Ein el Tal (unofficial camp*)
As of 1 January 2019
Ein El Tal camp was once home to around 7,000 residents. Around three hundred families moved to newly constructed houses in Ein El-Tal from Neirab camp under a 2003 project to reduce overcrowding in Neirab.
In April 2013, armed groups entered Ein El-Tal camp, forcibly displacing the entire population over a period of some 48 hours. The camp was a theatre of armed conflict until 2016, sustaining extreme damage in the process.
In the summer of 2017, families started to return to Ein El-Tal camp. Most of these families had been displaced to a government collective shelter in Aleppo city. As of the end of 2018, there are 90 Palestine refugee families that have returned. The camp is almost completely destroyed and lacks basic infrastructure including water, sewage and electricity.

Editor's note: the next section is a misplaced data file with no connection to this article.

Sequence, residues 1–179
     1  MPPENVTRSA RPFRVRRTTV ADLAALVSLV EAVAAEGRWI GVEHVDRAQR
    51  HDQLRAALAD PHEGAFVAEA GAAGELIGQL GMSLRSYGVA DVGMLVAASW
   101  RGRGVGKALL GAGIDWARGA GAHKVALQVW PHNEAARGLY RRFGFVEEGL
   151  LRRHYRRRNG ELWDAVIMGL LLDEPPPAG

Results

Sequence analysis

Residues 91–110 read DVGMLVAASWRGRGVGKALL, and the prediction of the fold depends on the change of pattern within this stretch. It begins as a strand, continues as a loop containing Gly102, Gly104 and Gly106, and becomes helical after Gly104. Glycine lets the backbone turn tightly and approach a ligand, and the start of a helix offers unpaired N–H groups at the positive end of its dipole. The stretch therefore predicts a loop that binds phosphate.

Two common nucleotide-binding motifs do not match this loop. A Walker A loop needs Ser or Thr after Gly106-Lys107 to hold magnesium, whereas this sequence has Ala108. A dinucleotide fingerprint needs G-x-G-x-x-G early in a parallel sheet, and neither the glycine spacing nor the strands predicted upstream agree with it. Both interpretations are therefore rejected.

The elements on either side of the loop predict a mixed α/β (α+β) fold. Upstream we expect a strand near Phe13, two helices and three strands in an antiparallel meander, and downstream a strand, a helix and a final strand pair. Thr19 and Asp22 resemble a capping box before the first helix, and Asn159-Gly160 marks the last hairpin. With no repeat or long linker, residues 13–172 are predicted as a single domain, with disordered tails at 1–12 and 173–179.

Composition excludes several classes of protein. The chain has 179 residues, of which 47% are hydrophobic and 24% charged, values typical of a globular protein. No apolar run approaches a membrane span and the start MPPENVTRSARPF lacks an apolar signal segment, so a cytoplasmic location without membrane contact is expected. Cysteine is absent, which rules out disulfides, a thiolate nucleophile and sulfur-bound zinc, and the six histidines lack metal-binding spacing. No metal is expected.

Existing families in the camp receive all services provided to refugees in Syria, including relief and cash assistance. UNRWA pays for transport from the camp to nearby schools for UNRWA students, as well as a mini bus public service in the morning and the evening for camp residents looking to work in the city. The Agency also provides health services through the mobile medical clinic which visits the camp on a weekly basis.
- Three schools (all destroyed)
- One food distribution centre (destroyed)
- One health centre (destroyed)
- One community centre (destroyed)
- Emergency assistance
- Transport to education
*A number of so-called unofficial refugee camps were established over time by the host governments to provide accommodation for Palestine refugees. In all respects, refugees in official and unofficial camps have equal access to UNRWA services, except that UNRWA is not responsible for solid waste collection in the unofficial camps
REFUGEE CAMPS IN Syria
Palestine refugees from Syria have been severely affected by the ongoing armed conflict in the country.
- Who We Are
- What We Do
- Where We Work
- Our Partners
- FREQUENTLY ASKED QUESTIONS
- unrwa approach to curriculum